Alliance Trust has made an audacious £620 million bid to buy out activist investor Elliott.
The hedge fund is the trust’s largest single shareholder and has used its influence over the past two years to drive major change in how the fund manager operates.
The Dundee-based trust today said it had entered into an agreement with Elliott to buy back its entire beneficial shareholding which extends to almost a fifth of the entire issued share capital.
The repurchase – which is dependent on shareholder approval – will see Alliance Trust acquire a total of 95,478,576 ordinary shares directly and indirectly controlled by the Elliott grouping comprising Elliot International LP, the Liverpool Limited Partnership and Elliott Associates.
The plan is to acquire the shares in five equal tranches, each at a 4.75% discount to the prevailing net asset value (NAV) at the time.
At current NAV levels, the deal is worth in the region of £620m.
In a statement to the London Stock Exchange, Alliance Trust said: “The board believes that the proposed repurchase is in the best interests of the company and its shareholders as a whole, having regard in particular to the uplift to NAV of approximately one per cent, which will accrue to the benefit of continuing shareholders; the ability for the company to move forward with its multi-manager proposal against the backdrop of a share register that is settled and supportive for the longer term; and the fact that the targeted annual costs of the ongoing company will remain competitive, amounting to no more than 65bps.”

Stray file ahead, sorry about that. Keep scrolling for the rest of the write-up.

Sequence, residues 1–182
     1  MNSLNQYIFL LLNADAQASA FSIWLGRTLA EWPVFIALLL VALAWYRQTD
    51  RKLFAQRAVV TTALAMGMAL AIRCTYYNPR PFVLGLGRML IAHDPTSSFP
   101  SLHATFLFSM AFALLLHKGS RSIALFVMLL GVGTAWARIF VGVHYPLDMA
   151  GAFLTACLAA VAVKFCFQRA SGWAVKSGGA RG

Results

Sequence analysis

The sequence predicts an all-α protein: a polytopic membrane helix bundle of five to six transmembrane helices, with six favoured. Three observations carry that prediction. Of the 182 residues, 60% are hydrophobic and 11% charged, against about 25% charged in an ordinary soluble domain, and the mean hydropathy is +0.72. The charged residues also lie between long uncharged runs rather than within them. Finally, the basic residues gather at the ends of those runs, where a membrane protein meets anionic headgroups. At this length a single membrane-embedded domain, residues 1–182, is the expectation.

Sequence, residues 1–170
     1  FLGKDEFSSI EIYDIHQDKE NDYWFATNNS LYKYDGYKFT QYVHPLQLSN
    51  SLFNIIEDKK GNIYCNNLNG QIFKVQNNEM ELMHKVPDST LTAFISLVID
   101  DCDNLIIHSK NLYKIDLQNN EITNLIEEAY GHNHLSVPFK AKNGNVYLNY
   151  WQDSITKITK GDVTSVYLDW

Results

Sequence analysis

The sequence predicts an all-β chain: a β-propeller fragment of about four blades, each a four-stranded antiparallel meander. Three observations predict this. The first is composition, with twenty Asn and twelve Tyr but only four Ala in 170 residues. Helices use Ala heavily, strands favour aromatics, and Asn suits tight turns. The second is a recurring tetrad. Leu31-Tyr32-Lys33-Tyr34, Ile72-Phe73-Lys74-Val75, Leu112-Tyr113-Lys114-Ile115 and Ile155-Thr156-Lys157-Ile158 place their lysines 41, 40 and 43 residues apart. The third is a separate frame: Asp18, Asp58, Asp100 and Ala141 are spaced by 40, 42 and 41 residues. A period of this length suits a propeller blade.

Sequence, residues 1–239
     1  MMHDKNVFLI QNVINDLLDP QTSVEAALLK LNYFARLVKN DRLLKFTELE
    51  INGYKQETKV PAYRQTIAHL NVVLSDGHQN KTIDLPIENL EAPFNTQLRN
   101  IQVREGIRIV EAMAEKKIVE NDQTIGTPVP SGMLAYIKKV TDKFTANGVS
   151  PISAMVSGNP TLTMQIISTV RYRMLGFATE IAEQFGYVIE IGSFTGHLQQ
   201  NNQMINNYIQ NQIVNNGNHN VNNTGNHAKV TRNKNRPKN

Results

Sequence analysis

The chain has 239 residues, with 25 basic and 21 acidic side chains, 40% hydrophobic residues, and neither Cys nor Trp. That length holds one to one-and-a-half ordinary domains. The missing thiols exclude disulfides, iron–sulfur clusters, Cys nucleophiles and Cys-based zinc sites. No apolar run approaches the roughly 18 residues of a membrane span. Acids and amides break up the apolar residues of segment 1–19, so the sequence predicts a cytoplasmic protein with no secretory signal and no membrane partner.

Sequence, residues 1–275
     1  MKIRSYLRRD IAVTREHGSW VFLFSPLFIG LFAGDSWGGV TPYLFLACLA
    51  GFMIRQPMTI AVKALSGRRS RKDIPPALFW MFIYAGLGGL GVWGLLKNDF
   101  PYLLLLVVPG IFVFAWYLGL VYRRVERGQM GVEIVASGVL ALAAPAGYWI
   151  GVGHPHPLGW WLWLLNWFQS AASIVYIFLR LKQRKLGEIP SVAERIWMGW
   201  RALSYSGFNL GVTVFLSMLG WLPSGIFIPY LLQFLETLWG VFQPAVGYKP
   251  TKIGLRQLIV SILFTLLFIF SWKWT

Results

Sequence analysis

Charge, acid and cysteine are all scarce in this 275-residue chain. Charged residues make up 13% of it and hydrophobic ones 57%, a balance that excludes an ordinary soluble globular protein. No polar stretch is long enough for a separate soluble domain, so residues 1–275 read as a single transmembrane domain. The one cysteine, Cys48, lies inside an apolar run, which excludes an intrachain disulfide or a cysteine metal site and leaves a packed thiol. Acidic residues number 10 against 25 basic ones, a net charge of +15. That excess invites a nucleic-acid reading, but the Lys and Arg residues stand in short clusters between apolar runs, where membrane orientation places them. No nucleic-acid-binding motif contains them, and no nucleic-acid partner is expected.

Elliott has been on the Alliance Trust’s share register for a number of years but came to prominence ahead of the group’s 2015 AGM when it called for major boardroom change and an improvement in investment returns.
The former management regime headed by then chief executive Katherine Garrett-Cox pitted themselves against the hedge fund, but ultimately lost their fight and two Elliott nominated directors were co-opted on to the board.
Lord Smith of Kelvin joined the trust as new chairman last January and has swept in a raft of changes at both board and operational level.
The most significant move to date came last month when the trust revealed it had reached agreement to sell off its in-house investment management vehicle ATI and had instructed Willis Towers Watson (WTW) to oversee a new fund management structure.
WTW has since identified eight global fund managers who will each have responsibility for running a portion of the trust’s multi billion pound assets.
The trust is due to hold an investor forum in Dundee today – one of three it is carrying out – to update shareholders on the new structure.
A general meeting to approve the changes is due to take place in Edinburgh on February 28.